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Orlando Weeks leaps out of The Maccabees shadow with ‘LOJA’

Orlando Weeks’ third album steps him out of looming shadow of The Maccabees and into a limelight of his own.


Over the summer of 2012, I was absolutely obsessed with The Maccabees third record Given To The Wild. I’d just been through a break up and found myself unemployed, so lets just say things weren’t looking too optimist. The bleak and self-pitying (but still absolutely beautiful) vibe of the album hit more than a relatable chord and it was one I listened to endlessly. A few years later, I finally got to see them live at Benicassim Festival in 2016. Unfortunately it would turn out to be one of their final performances, a split that was still a hard one to take.


Over the years, I stubbornly refused to listen to the different side projects from band members believing nothing they’d achieve apart could ever be as great as the main event itself.


However, consider myself blown away by the latest album by their former frontman Orlando Weeks, LOJA – the moment he steps out of looming shadow of The Maccabees and into a limelight of his own. Swapping his hometown from London to Lisbon, Weeks has offered up a truly stunning solo record and one that places the Portuguese capital city as a beautiful backdrop (a city I’m visiting in September after my wedding, hence my draw to the record in the first place!).



Across this assured collection of 11 tracks, the 40-year-old singer’s soothing tones and the beauty of the music come together superbly for an emotive yet uplifting listening experience. It all sounds refreshingly modern and intimate at the same time.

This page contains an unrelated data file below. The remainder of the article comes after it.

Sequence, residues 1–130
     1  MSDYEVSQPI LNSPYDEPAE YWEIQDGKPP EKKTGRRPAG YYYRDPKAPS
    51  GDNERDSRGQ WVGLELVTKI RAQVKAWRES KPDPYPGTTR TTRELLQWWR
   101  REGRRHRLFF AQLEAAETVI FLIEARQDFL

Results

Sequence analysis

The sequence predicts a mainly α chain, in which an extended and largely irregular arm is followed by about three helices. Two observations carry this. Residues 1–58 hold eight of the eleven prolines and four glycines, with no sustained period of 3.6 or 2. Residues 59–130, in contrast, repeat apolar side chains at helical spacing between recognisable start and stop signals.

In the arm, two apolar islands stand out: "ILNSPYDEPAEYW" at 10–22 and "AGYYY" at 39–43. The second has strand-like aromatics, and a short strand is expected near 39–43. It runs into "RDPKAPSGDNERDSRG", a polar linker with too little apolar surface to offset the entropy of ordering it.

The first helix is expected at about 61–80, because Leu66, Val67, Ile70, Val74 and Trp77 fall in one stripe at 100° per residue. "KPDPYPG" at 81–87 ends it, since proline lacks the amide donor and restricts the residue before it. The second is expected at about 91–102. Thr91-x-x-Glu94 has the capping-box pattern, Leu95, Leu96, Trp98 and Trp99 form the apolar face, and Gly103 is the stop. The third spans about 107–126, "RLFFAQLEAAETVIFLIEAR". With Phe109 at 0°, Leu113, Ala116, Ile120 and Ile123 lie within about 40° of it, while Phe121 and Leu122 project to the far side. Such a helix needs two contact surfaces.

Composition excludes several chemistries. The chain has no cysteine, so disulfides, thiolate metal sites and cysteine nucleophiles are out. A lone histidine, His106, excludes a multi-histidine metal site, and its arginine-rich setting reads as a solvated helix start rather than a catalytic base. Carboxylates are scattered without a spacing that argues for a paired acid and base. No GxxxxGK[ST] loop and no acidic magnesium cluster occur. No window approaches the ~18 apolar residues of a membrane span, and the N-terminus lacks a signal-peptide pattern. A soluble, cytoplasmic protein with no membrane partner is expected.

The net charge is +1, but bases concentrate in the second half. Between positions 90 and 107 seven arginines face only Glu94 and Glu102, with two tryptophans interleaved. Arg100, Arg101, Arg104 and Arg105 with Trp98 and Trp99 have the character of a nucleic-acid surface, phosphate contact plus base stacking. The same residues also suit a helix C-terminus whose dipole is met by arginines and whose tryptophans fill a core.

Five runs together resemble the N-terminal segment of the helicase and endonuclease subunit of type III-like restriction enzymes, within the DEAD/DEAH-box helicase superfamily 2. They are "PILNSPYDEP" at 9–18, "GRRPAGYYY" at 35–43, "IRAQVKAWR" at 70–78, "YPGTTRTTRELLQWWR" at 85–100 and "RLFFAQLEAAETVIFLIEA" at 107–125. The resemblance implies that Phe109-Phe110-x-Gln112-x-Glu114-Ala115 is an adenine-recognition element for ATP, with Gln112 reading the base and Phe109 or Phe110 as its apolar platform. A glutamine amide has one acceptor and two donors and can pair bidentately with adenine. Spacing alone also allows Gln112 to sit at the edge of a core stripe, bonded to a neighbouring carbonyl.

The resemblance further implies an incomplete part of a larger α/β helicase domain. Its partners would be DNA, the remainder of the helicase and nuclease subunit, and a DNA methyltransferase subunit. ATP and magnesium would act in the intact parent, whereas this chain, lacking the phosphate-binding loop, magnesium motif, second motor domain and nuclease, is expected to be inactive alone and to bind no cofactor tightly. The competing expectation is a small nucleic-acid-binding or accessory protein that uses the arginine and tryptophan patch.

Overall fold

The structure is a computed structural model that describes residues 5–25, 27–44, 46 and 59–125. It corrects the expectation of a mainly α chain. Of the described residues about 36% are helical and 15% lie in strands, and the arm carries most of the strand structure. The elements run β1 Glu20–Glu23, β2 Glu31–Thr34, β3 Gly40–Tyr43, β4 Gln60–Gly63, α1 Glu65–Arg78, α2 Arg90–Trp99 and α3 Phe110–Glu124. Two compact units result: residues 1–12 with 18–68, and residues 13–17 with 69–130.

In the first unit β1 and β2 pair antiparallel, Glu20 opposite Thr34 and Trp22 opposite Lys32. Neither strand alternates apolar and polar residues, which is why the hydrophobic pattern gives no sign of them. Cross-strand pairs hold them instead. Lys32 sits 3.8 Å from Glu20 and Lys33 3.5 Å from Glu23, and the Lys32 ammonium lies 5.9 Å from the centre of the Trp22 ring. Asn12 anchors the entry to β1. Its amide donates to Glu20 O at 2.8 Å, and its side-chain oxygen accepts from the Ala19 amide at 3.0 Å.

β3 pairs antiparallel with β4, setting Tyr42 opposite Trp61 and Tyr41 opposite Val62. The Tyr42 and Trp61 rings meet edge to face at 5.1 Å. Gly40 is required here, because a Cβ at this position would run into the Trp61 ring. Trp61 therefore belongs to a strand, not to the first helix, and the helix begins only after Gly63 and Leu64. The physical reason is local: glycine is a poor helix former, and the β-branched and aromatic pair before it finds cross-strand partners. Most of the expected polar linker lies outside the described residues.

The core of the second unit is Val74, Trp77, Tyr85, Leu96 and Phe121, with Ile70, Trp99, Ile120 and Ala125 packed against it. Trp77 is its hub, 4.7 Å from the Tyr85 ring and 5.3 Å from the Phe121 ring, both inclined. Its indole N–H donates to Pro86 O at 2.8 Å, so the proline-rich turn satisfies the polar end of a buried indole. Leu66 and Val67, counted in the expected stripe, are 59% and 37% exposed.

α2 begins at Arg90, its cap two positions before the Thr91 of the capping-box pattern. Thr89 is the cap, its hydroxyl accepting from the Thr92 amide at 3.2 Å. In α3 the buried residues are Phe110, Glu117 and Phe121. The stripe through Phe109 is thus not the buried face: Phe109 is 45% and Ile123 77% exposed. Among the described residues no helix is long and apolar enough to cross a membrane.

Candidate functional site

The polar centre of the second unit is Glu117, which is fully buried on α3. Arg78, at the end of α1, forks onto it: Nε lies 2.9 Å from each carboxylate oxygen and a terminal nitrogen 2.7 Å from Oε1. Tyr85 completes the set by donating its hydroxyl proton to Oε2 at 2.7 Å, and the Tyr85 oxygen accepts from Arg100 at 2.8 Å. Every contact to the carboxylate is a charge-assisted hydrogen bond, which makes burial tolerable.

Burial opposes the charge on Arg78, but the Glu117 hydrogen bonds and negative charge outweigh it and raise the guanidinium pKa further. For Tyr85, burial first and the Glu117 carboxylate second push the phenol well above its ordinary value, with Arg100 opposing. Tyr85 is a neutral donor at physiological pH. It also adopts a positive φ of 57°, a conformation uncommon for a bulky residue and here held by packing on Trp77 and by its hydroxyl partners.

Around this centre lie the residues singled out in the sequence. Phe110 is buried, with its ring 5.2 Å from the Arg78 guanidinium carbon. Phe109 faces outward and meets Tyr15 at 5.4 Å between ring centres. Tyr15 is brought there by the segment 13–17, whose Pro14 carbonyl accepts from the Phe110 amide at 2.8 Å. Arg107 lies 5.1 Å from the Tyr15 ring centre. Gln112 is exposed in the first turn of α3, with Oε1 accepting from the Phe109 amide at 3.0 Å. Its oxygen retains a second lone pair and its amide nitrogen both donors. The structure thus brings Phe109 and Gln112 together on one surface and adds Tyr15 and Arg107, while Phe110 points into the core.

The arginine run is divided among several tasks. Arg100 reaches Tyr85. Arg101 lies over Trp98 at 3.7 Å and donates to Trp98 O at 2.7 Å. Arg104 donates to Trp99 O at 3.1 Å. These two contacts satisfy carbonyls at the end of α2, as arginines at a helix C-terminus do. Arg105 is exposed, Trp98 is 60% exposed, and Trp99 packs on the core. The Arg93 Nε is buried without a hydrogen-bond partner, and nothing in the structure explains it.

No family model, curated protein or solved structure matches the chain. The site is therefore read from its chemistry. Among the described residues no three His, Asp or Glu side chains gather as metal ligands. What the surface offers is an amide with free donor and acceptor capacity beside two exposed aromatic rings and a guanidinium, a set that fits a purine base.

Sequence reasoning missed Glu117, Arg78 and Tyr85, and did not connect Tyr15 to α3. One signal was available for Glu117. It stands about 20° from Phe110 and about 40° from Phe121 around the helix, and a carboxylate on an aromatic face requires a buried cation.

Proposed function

Opener ‘Longing’ sets the bar high with some heartfelt vocals and subtle synths, and ‘Best Night’ brings a more percussive quality to the fore - the pretty pianos an ethereal chorus vocals are just spine-tinglingly beautiful. And thereafter, the rest of the album never lets up either.


On ‘Dig’ he joins forces with Wet Leg’s Rhian Teasdale. The two singers compliment each other perfectly in their trading of blows and worn out promises. Aided by ominous pianos and angular guitars, the power of the track lies in its subtle build up and beauty. Following Weeks’ ethereal bridge vocal refrain (“I'll believe it / When I see it”), the track culminates in a euphoria that still maintains a sense of contained frustration.


For me though, mid-point track ‘Good To See You’ is the one I’ve found myself revisiting the most. The song itself throws in many emotions within such a short space of time - hurt, sadness, warmth and euphoria. And finally, ballad ‘Beautiful Place’ brings the album to a close on a tender tearjerker, allowing Weeks’ voice to take prominence in a love letter to his new hometown.


Importantly, LOJA, which is Portuguese for “store” and an ode to his new art studio, is an album of zero skips and one akin to a gentle hug while watching the sunset. If you’re like me, you’ll be absolutely gripped for the entirety. And that’s a very powerful thing indeed.

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